It’s nearly Valen­tine’s day

Buckinghamshire Advertiser - - INTERVIEW -

ex­actly what we wanted to do. Make it ex­cit­ing and un­pre­dictable and con­nect with our fans. On a busi­ness level we sell more tick­ets this way, so it works out bet­ter for ev­ery­one.

“And we can go to places we have never been be­fore. We want to try to get that con­nec­tion to see the whites of peo­ple’s eyes. We’ve done are­nas, which were great, but club level is just as good and we can get down and dirty with the fans. It’s good. Some­thing we haven’t done for a long time and it will be good to get that feel­ing again.

“Peo­ple will go home with sore necks, ears ring­ing and sweaty. We are not bring­ing any toys and tricks this time. We’ve gone back to ba­sics.”

Bullet For My Valen­tine per­form at the Water­side, Ayles­bury on Mon­day, Oc­to­ber 5 at 7pm. Tick­ets cost £25.90. A £2.85 book­ing fee ap­plies. Call 0844 871 7607 or visit www. at­gtick­ets.com/Ayles­bury.

AL­MOST two years since their al­bum

was panned as Tepid Tepid, the Welsh me­tal band Bullet For My Valen­tine are back heav­ier and darker than ever – and they do have some­thing to make some noise about.,

Hav­ing achieved their high­est UK chart po­si­tion (3) with their fifth stu­dio al­bum in Au­gust, they are back on their pedestal as Bri­tain’s big­gest me­tal band.

Their pro­file had risen with each al­bum since 1998, notch­ing up a run of key ap­pear­ances – only for them to see their rep­u­ta­tion tar­nished af­ter crit­ics lam­basted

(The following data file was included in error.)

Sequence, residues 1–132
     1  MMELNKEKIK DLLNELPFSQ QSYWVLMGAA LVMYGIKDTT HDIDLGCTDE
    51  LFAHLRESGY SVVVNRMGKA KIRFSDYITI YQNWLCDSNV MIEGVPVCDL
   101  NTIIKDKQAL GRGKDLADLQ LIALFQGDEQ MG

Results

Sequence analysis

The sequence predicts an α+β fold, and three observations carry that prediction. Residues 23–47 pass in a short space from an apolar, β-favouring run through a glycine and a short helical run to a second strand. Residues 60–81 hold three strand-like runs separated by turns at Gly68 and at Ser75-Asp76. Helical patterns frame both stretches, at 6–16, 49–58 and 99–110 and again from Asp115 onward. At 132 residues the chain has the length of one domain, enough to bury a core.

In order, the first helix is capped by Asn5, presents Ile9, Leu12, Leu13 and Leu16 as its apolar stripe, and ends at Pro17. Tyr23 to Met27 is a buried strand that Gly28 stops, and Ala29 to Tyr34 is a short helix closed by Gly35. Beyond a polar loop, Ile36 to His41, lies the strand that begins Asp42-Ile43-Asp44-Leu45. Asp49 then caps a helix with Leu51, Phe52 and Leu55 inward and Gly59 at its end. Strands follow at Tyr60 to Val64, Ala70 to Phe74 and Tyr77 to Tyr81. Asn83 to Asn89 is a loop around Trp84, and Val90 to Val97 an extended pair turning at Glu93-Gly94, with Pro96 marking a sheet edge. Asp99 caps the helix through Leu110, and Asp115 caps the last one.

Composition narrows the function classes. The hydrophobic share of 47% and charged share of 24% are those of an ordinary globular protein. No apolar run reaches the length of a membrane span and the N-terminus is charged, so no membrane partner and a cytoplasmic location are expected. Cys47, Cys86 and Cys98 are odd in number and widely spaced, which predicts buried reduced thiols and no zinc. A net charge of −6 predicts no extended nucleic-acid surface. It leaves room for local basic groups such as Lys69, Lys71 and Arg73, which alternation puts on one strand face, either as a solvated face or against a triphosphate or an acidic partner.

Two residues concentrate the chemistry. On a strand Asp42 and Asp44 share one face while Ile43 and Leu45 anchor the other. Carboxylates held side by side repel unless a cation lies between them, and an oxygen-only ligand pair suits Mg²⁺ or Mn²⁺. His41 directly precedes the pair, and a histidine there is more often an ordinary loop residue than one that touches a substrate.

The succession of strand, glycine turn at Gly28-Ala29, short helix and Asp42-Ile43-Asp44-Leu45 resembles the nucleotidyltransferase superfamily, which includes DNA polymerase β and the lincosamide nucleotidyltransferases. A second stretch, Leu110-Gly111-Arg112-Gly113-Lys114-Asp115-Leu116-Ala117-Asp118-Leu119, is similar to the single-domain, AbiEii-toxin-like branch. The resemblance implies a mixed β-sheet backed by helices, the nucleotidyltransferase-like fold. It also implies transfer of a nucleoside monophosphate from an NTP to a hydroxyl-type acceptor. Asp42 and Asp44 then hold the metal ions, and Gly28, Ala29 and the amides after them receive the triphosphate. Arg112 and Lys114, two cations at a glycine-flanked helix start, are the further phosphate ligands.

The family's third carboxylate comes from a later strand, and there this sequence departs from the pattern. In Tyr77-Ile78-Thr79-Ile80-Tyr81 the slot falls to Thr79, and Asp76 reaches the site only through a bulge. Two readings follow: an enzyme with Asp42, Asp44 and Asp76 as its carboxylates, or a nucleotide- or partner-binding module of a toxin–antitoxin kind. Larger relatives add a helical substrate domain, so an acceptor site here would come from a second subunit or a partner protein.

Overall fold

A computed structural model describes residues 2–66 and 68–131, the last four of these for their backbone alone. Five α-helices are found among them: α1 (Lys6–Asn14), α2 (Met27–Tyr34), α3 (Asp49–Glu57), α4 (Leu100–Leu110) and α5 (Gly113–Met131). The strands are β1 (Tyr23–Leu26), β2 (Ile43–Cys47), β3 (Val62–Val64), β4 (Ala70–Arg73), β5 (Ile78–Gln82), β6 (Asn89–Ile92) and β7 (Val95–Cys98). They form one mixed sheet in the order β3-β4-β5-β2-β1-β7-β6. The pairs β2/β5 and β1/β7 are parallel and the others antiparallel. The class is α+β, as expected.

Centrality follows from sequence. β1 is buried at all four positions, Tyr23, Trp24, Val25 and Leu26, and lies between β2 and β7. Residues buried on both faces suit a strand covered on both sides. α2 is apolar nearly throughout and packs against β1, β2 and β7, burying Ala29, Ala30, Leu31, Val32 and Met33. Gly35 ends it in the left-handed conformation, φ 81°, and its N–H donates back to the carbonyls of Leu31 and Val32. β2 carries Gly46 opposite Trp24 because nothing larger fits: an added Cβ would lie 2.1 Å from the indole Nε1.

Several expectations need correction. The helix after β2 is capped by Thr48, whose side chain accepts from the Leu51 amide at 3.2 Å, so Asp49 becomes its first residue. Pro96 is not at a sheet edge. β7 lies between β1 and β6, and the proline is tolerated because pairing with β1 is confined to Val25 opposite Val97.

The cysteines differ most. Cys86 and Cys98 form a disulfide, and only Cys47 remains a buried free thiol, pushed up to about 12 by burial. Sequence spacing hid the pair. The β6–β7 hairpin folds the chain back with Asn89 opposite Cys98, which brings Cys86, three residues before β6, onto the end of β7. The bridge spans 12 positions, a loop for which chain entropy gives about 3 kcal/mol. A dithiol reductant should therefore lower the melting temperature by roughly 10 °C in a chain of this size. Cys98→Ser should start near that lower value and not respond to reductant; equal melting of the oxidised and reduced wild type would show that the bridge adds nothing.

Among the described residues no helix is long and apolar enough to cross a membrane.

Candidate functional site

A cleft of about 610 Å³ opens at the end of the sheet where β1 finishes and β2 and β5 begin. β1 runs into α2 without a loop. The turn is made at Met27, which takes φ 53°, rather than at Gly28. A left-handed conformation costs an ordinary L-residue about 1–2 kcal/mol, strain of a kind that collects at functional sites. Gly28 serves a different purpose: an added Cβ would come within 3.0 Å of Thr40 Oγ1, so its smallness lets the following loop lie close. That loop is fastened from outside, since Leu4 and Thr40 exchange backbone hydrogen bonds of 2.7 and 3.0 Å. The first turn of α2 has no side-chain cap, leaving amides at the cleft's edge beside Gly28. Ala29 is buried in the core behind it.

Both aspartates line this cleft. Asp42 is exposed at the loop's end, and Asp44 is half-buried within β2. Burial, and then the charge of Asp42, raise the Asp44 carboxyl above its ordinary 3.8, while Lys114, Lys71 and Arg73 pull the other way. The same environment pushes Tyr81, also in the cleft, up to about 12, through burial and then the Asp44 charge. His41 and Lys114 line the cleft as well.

But fresh from warm­ing the stage for Slip­knot at the Sum­mer’s Last Stand tour, front­man Matt Tuck has gone back to ba­sics with in what is the group’s heav­i­est and an­gri­est re­lease since 2008’s

“It has done re­ally well and was num­ber one for five days, which was amaz­ing,” he said. “Cilla Black was hap­pen­ing so we knew it was go­ing to be a bit hard to stay there with a Bri­tish icon like that. Un­for­tu­nately, we didn’t get it, but to be num­ber one for those five days was amaz­ing.”

That crit­i­cism and the de­par­ture of long-time bassist Jay James in Fe­bru­ary has given the band mo­ti­va­tion to prove the snipers wrong.

Tuck, 35, ob­served: “We al­ways get crit­i­cism. We al­ways do. was crit­i­cised in the NME.

“You can’t please ev­ery­one ev­ery sin­gle time, we are very much aware of that, but we just make sure we are happy, no mat­ter what other peo­ple think.

“We knew wasn’t our best ef­fort, but it didn’t de­serve all the crit­i­cism it got. It wasn’t heavy enough.

“We were def­i­nitely more mo­ti­vated to stick it down peo­ple’s throats (with But back to front it is a re­ally good record. It reached the top 10 in the bill­boards in Amer­ica and we achieved re­ally good things from that with mu­sic fes­ti­val per­for­mances and an arena tour and peo­ple made a way too big­ger deal of it.”

Tuck talks a lot about re­cap­tur­ing that energy and dark­ness – that’s per­haps at least partly why they chose to team up with pro­ducer Colin Richard­son who worked with them on and

“Mu­si­cally, we wanted to do some­thing ex­cit­ing and it needed to be heavy and dark and su­per melodic,” said Tuck.

“We knew what we wanted to do and if it didn’t fit that cri­te­ria we didn’t do it. We didn’t want any­one interfering, but to let us do what we wanted to do. Work­ing with other pro­duc­ers, they have their opin­ion on what we were do­ing and how we should sound. Work­ing with Colin al­lowed us to fo­cus on how we wanted to do it and he makes ev­ery­thing sound big.

“We’ve had a lot of history of suc­cess there and we wanted to re­cap­ture that.”

Hav­ing sold more than 10 mil­lion al­bums world­wide, the band are now gear­ing up to em­bark on an in­ti­mate tour across Bri­tain.

“We re­ally wanted to do some­thing dif­fer­ent and re­con­nect with our fan base who had not had the op­por­tu­nity to come to see us for what­ever rea­son. That was it re­ally.

“So we are not play­ing Lon­don, Cardiff, Birm­ing­ham

etc, and that’s

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